Monday, December 31, 2012

Sailor Twain: or The Mermaid in the Hudson

by Mark Siegel, 400 pages

Over a year ago, the steamboat Lorelei's well-liked owner disappeared without a trace, leaving his careless, erratic brother Dieudonné in charge, much to the worry and frustration of her conscientious captain, Twain, whose humble, capable hands seem to be the only thing keeping the company above the waterline.  But when he finds a beautiful injured mermaid clinging to the empty, fog-enshrouded deck, Captain Twain's orderly, familiar world begins to slip deeper and deeper into the murky depths of the Hudson River.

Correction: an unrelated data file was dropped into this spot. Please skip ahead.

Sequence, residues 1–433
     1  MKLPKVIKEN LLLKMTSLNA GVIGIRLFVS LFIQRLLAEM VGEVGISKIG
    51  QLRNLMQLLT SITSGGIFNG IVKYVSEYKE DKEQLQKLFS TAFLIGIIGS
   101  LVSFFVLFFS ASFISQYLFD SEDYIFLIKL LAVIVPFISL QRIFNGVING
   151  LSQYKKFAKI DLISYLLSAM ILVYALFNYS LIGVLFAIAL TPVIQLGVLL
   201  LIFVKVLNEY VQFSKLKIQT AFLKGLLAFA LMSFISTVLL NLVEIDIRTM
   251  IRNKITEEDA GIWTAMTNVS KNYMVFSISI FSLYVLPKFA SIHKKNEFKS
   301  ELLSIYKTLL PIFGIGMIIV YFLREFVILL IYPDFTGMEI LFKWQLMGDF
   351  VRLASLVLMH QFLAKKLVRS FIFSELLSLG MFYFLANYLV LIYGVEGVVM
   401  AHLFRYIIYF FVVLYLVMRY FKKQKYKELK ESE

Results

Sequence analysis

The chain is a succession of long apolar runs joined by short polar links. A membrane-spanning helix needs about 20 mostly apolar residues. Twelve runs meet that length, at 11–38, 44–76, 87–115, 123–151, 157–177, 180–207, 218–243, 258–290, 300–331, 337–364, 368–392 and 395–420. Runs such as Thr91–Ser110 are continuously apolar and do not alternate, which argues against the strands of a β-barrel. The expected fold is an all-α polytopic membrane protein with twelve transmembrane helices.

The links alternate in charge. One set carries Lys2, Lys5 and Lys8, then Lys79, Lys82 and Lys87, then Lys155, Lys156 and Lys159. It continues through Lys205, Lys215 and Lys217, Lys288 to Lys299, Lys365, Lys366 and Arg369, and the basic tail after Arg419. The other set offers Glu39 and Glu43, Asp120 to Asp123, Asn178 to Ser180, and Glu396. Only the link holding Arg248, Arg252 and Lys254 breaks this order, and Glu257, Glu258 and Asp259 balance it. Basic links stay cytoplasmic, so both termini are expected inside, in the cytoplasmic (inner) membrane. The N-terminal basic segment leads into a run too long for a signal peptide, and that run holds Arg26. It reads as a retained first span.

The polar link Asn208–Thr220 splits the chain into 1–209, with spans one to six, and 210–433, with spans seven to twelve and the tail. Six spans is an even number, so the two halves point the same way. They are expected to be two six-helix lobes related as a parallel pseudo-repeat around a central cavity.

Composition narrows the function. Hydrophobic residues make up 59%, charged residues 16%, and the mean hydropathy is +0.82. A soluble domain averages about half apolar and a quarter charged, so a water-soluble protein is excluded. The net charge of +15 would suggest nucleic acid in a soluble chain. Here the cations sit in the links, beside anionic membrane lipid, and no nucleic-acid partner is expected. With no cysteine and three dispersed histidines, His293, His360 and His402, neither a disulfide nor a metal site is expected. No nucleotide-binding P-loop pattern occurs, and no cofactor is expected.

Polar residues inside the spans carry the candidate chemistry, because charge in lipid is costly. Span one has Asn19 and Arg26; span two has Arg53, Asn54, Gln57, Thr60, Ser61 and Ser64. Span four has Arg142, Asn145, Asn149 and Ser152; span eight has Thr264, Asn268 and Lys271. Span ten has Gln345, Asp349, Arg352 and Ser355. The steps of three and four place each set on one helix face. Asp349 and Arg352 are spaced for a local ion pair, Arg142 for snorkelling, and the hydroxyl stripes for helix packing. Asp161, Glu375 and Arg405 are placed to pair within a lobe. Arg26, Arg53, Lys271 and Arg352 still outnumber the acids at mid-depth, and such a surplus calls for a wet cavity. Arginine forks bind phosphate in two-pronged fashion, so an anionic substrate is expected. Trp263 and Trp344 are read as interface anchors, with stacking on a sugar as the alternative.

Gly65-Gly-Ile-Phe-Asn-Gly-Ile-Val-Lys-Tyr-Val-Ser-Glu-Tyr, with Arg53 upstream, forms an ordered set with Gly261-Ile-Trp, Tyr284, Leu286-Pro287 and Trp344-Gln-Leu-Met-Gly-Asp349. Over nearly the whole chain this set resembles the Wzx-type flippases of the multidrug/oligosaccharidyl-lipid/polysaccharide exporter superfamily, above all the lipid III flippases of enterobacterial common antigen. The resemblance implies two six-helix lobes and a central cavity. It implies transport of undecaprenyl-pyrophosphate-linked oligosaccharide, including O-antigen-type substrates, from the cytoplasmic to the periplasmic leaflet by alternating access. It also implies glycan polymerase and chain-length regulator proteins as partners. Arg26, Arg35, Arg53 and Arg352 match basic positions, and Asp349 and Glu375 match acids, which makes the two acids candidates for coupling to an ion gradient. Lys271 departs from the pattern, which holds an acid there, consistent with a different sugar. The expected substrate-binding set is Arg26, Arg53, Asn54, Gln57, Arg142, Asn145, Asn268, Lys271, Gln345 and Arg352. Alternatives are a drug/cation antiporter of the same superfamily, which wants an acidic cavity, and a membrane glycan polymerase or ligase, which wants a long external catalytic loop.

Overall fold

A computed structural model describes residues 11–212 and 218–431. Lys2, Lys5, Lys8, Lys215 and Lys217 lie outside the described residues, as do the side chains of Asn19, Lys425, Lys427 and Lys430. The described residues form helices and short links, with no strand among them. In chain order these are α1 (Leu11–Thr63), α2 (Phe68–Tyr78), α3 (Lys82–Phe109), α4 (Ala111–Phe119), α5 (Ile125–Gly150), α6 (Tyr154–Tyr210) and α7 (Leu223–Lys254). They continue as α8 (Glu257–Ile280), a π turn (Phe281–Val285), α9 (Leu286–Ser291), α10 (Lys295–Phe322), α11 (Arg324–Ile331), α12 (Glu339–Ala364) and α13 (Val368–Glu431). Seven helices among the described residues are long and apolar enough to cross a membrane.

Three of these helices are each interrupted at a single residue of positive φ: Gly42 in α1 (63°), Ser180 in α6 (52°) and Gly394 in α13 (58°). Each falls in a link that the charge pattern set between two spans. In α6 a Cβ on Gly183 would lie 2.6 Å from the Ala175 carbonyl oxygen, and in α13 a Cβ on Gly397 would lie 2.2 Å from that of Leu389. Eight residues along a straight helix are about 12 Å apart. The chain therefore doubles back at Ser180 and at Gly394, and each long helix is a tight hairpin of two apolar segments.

This is a lovely, creepy, haunting mystery that wraps the reader in its hazy, otherworldly atmosphere from first page to last and beyond.  The characters are exaggerated and cartoonish figures visually, but their intense, complicated personalities and motives bring a sense of realism that pairs unsettlingly well with what would normally be goofy features to further blur the line between fantasy and reality for the reader as much as the inexplicable events of the story do for the characters.

No comments:

Post a Comment